Cold pizza

I keep reading these crazy people saying the Rangers are 20-10 over the last month, and that’s simply not true.  Okay, you can look it up and see that on the board it is true, but really there is such doom and gloom about the team that it doesn’t feel like they’re winning.  Winning is a relative term, because they’re struggling to get near .500.  And, to use a little perspective, they’ve done that while playing losing teams, only the four against Seattle and three against Anaheim were against teams above .500, and Seattle is in a free fall.  So yeah, Ron Washington will spin it his way, and I’ll spin it my way, and we’ll see who the manager is on Opening Day next year.  As it is, the Rangers are on the verge of mathematical elimination, just five games away (a combination of five Rangers losses and Anaheim wins), which means they held in a lot longer than we expected.  When I was writing them off back in May, saying they would lose 100 games, I thought they’d be eliminated by the All-Star break.

With 20 team games to go, Michael Young needs 25 hits to reach 200.  I would almost certainly expect him to get the mark, for the fifth season in a row.  Only Ichiro has a longer current streak.   Michael has done it with no power, and his OPS+ stands at 101, meaning he is almost exactly league average.  He is following a very classic aging curve, having peaked at 28, and all those years left in his new contract may end up being a millstone for this team.  Not only is he likely not to perform the way he has in the past, but the size of the contract means he won’t be tradeable, especially not to a contender which is where he wants to be.  Much as I love him, I am already dreading the ugly breakup we’re going to have.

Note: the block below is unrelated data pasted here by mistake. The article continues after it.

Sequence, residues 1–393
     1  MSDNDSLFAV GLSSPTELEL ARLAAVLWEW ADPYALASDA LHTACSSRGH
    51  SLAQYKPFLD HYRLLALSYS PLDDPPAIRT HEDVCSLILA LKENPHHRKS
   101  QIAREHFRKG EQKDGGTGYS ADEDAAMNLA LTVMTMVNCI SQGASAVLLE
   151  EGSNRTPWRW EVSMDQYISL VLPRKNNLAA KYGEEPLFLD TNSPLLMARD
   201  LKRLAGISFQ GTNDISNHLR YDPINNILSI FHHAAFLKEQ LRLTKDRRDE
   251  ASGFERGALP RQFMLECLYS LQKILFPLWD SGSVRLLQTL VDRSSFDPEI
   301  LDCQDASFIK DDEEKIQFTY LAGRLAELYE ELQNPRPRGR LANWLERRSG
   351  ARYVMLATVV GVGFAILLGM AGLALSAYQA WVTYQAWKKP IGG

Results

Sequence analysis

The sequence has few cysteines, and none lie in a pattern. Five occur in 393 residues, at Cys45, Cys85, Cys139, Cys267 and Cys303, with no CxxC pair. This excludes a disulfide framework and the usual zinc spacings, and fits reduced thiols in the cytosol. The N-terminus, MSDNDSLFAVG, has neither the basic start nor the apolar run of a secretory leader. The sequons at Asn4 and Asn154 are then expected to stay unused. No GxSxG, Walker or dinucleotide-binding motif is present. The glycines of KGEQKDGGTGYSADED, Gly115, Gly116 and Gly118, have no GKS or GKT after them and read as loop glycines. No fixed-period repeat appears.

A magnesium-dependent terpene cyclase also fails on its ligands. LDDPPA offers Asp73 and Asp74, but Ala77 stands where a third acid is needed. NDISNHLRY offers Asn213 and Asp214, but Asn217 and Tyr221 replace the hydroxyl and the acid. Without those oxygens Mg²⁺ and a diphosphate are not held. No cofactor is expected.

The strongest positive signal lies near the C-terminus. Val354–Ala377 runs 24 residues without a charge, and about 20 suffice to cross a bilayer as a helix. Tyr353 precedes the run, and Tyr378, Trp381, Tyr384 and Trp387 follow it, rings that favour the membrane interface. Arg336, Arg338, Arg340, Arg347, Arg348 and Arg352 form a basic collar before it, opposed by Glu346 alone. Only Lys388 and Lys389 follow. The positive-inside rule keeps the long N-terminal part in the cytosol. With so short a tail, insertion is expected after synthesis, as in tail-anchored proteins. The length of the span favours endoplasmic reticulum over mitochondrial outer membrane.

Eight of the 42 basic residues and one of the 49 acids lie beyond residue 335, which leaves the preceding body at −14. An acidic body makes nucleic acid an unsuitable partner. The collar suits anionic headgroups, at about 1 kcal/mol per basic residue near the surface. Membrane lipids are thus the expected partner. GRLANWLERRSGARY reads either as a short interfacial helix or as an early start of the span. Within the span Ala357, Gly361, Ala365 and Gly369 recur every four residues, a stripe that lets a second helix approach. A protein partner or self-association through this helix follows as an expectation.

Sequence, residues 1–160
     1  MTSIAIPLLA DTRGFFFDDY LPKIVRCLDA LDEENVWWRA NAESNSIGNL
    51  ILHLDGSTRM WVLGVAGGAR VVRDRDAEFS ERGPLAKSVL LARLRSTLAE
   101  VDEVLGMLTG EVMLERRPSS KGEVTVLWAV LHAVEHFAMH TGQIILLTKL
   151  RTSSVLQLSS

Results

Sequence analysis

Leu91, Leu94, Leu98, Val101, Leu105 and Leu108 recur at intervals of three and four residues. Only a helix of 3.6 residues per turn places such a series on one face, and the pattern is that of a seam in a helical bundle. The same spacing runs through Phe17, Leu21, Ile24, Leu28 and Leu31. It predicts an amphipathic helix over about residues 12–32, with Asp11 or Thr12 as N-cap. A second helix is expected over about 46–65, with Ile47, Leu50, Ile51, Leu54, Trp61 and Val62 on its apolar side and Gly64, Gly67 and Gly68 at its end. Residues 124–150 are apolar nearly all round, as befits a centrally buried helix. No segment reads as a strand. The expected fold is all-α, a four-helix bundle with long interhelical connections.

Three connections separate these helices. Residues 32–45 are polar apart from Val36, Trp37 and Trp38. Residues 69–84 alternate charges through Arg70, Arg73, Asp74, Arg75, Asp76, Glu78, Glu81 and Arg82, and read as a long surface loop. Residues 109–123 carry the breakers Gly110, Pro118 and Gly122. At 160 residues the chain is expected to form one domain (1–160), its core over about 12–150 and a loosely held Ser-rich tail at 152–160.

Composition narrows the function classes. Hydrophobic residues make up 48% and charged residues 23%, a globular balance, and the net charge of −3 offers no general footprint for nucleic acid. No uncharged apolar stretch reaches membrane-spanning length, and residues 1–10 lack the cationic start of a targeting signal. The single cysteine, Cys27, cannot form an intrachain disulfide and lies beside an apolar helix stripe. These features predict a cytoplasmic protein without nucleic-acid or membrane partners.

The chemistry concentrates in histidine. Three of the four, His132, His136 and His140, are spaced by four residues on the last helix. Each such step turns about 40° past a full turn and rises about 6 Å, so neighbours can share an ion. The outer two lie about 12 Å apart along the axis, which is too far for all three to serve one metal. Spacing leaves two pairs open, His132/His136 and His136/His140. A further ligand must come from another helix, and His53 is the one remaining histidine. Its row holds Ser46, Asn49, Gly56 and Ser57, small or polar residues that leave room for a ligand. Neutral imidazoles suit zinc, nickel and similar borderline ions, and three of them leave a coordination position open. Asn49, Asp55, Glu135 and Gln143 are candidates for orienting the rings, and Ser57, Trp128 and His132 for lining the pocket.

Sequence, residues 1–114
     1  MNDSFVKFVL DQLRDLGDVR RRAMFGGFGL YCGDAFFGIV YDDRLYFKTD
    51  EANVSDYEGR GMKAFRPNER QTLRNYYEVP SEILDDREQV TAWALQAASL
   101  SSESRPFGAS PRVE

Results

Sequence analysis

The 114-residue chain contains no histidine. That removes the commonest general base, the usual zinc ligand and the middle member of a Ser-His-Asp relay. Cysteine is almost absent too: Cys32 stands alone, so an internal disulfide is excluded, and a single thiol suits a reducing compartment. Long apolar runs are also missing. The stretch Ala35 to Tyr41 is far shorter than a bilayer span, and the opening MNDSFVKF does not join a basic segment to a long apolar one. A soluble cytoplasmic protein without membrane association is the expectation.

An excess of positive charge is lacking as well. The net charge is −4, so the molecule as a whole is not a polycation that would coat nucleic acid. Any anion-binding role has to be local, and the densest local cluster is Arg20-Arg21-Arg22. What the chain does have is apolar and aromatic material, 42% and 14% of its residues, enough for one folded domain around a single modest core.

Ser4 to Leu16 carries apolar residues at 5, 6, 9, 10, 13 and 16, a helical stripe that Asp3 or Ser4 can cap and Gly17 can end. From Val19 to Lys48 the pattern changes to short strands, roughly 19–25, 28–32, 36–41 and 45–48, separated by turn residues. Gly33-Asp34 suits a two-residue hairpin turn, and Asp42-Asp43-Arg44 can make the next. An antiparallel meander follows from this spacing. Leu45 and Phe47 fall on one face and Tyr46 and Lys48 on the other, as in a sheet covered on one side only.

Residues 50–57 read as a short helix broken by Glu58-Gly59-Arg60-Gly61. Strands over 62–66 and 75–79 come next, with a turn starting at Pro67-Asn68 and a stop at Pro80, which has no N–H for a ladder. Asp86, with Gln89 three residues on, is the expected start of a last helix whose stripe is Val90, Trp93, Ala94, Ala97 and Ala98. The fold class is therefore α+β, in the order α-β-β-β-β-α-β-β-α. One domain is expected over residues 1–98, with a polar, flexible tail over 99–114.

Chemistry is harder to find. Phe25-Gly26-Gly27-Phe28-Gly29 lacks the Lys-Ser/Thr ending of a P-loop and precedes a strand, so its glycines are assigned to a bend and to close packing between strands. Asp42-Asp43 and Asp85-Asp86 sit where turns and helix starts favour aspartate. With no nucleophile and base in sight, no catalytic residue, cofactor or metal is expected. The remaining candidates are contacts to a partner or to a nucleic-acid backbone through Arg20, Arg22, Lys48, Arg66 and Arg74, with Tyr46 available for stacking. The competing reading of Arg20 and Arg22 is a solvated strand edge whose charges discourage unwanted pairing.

We went to the FC Dallas Major League Soccer match on Saturday night, the first time we’ve been to an MLS game.  I’m a huge soccer fan, as you may be aware from some of my previous posts, and I very much enjoyed the game, especially with the 2-0 Dallas win.  We had some disappointments, most notably in that they didn’t have any apparel for an almost-three-year-old to wear, which means all we ended up buying was a foam finger, which Josh fell in love with when he saw.  They’re missing that market, heck, we had Josh in Rangers gear the day he was born.

It was very interesting comparing the demographics with the Rangers.  The Rangers fans would be family-oriented, but much less so than FC Dallas.  If you’re at a Rangers game you’ll see a large percentage of adults, of all ages, and a reasonable but small percentage of kids (by that I mean perhaps 25-30%).  I’ve been to a couple of Cowboys games and they skew much higher to adults.  Never been to Mavs or Stars, but I’d say Mavs fans are the same as Cowboys, and Stars I think head more toward the 20-30-somethings than anything else.  This is a lot to do with economics, in that you pay a lot more to see the Cowboys and Mavs, so they tend to be adult ventures rather than family.  But the point I’m going to make here is that FC Dallas had huge numbers of kids.  Okay, they probably only had about 12,000 in the crowd, but I’d say it was 60% kids.  There were a lot of cases where an adult would bring a whole team of kids, which would skew the ages, but it was highly noticeable.  This is probably the biggest threat to MLB and the NFL, in that the kids growing up now with soccer are going to stay there as they get older, and finally soccer might manage to break through to a wider audience.  I think the NFL will stay #1, and MLB #2, but MLS will challenge the NBA and NHL for the third spot.  Of course, 50 years ago you’d say MLB would be #1 forever, and look what happened there.